I'm also a science teacher (not a medical doctor), and I do get a little over-enthusiastic describing the physiology involved in these topics.
If you are a current or former student, or just squeamish about medical stuff: be forewarned, I'll be discussing my periods and a lot of bleeding, so if that creeps you out, don't read it. :)
And, finally, if you don't feel like reading the whole post, just know that Heavy Menstrual Bleeding (HMB) affects ∼90% of women with an underlying bleeding disorder and ∼70% of women on anticoagulation (source). So, if you are still menstruating and are put on blood thinners (especially the newer oral anticoagulants, such as Xarelto, which carry a higher risk of HMB), do yourself a favor--keep a menstruation journal and check in with a gynecologist ASAP. From what I've experienced and read, your cardiologist / hematologist is not going to ask you about your periods--so you will want to bring it up.
[ADDED 2/19/19: Here is a GREAT resource from The National Blood Clot Alliance (I wish I had found it last September!): Menstrual Cycles and Anticoagulants: What’s Normal?]
If you are interested in the scientific details, I recommend the journal article How I treat heavy menstrual bleeding associated with anticoagulants (Blood, 2017).
I also recommend this blog by another younger woman on blood thinners: Blood Thinners and Periods – What Your Doctor Failed to Tell You. She shares, "Out of the 7 doctors I’ve interacted with, only 1 mentioned menstruating on blood thinners being possibly different than without." My experience was similar, but with fewer doctors.
Here is an outline of this post:
- PART 0: Varicose Veins and Blood Clots
- PART 1: Learning About Blood Thinners
- PART 2: What I Wished I Knew From the Start
- PART 3: Learning About Menstruation (on Blood Thinners)
- How heavy is too heavy?
- Where is this blood coming from?
- Why (menstrual) clots?
- What are my options?
- PART 4: Solutions and Take-Aways (spoiler alert: it involves an IUD)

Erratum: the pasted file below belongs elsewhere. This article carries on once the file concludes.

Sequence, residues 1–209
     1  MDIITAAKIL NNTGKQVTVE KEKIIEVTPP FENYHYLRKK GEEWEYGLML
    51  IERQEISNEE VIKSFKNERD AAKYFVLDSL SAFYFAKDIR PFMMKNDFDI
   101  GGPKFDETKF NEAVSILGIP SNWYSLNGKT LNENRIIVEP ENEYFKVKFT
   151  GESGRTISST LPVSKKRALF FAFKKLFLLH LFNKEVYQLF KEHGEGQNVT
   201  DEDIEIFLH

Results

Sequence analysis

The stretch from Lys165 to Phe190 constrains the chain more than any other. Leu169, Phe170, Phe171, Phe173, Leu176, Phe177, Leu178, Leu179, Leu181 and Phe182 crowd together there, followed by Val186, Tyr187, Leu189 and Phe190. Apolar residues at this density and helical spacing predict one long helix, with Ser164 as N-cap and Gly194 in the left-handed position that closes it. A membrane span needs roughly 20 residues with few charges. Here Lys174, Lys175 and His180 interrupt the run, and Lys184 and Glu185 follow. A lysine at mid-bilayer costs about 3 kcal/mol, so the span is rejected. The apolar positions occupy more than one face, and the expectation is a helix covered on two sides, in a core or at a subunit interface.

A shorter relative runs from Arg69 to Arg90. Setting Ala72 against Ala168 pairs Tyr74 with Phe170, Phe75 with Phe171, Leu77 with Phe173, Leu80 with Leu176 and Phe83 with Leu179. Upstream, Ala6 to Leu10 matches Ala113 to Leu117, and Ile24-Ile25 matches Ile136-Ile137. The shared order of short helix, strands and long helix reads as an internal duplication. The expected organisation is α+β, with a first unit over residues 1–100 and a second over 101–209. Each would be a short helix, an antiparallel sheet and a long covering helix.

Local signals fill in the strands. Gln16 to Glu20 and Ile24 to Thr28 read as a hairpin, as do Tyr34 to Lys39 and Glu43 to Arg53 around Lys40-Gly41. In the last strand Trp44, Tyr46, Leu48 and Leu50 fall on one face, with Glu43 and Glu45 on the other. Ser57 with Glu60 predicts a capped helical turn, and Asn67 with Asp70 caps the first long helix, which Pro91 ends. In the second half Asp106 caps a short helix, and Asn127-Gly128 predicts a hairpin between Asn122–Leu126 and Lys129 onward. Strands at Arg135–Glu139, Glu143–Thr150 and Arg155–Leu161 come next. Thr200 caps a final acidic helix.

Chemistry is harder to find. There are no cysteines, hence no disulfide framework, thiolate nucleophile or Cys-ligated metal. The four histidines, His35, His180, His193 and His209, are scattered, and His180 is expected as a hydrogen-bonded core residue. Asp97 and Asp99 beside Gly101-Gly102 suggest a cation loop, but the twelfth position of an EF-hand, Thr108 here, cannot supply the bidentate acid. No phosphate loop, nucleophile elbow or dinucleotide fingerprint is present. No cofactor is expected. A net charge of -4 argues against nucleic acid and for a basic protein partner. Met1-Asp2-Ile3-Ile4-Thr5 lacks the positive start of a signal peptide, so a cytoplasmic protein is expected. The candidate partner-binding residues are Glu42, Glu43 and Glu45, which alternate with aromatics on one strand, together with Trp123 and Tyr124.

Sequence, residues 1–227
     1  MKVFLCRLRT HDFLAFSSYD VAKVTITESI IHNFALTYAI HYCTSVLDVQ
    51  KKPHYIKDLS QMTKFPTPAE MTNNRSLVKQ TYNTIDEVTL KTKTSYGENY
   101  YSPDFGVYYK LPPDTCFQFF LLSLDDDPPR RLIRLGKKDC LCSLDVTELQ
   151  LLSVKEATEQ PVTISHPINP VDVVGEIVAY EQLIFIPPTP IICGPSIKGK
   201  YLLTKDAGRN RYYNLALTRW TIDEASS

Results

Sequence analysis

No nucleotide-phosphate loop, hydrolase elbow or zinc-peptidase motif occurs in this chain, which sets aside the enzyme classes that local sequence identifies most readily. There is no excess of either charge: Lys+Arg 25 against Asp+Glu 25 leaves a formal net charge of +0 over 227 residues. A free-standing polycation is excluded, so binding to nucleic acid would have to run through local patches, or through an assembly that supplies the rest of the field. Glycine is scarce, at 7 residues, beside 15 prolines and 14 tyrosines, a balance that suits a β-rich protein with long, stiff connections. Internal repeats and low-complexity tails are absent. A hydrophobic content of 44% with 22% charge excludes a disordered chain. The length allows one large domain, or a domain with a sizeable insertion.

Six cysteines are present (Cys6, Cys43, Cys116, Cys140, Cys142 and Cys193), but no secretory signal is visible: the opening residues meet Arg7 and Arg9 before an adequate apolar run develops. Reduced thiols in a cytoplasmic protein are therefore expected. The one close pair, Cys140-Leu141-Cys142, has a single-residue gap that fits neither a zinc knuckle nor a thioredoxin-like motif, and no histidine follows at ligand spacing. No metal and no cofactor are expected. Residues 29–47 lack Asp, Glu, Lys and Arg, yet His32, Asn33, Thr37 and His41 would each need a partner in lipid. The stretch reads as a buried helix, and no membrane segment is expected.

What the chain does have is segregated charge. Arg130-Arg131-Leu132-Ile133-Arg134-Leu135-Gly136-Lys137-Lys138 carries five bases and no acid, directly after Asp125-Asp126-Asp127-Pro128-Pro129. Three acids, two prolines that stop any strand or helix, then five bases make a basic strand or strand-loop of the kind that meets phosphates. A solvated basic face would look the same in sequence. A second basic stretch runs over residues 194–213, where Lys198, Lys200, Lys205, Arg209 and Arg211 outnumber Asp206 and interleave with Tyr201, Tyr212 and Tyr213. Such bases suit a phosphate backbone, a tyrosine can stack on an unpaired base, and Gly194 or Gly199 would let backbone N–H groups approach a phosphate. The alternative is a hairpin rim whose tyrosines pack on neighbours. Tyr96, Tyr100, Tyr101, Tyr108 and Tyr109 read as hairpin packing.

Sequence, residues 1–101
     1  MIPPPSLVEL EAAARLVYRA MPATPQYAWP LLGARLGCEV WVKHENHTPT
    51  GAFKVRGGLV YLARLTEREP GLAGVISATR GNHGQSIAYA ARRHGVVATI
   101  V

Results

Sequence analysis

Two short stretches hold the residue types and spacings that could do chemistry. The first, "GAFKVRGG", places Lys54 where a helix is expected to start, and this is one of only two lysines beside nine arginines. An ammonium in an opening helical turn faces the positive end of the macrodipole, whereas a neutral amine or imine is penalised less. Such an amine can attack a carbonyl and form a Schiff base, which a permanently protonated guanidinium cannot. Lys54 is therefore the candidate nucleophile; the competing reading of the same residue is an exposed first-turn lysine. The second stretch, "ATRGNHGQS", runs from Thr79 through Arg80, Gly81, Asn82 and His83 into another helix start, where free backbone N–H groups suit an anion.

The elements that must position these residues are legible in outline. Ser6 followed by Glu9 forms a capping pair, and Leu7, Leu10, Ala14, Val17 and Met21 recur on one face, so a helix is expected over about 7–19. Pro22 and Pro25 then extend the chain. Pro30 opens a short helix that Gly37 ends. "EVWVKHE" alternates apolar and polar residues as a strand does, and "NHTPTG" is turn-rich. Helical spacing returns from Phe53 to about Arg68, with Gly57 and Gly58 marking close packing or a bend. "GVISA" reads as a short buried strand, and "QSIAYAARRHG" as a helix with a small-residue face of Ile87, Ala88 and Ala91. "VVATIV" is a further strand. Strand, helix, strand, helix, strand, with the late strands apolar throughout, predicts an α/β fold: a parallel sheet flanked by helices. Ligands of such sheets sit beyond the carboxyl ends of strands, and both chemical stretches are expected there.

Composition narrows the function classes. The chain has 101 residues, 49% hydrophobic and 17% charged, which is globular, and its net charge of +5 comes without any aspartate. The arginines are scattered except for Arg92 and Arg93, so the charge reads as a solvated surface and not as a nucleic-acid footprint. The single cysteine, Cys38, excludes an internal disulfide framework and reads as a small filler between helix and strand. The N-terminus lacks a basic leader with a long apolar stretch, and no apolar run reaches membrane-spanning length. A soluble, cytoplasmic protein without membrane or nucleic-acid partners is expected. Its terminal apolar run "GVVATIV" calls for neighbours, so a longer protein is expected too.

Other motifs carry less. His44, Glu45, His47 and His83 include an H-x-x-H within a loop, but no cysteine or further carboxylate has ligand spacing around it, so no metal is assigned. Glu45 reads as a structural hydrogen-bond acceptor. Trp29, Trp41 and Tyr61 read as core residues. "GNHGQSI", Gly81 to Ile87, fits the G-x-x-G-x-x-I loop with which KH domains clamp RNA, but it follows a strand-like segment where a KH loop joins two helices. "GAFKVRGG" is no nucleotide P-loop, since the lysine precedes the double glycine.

- SOLUTION 1: Reclaiming my periods (mostly)
- SOLUTION 2: Reclaiming my independence
PART 0: Varicose Veins and Blood Clots
Even a slight injury can cause a varicose vein to become inflamed. Unlike deep vein thrombosis, which causes very little inflammation, superficial venous thrombosis involves a sudden (acute) inflammatory reaction that causes the blood cot (thrombus) to adhere firmly to the vein wall and lessens the likelihood that it will break loose. Unlike deep veins, superficial veins have no surrounding muscles to squeeze and dislodge a blood clot. For these reasons, superficial venous thrombosis rarely causes a blood clot to break loose (embolism). (source: Merck)So, though they are painful and annoying, my superficial clots are not going to kill me. As stated above, they are not likely to contribute to a pulmonary embolism (PE), a life-threatening condition where a blood clot in the leg breaks loose and travels through the bloodstream to the lung. People show have a unprovoked DVT/PE can be put on blood thinners for life. I was only on blood thinners for three months.
In August 2018, I felt a familiar pain and an ultrasound confirmed I had three new clots. This time, with my history of SVT, my vein doctor wanted me to go on blood thinners and follow through with the (previously optional) left leg ablation. So, that's how I ended up on Xarelto (generic name: rivaroxaban).
PART 1: Learning About Blood Thinners
I knew nothing about blood thinners except that "old people" took them. According to WebMD, "about 2 million to 3 million people take blood thinners every year." According to doctors and pharmacists I talked to, the majority of these people are older adults--mostly men, and women who have gone through menopause. I imagine this is why heavy menstrual bleeding (HMB) seems to rarely be discussed at appointments or in the literature.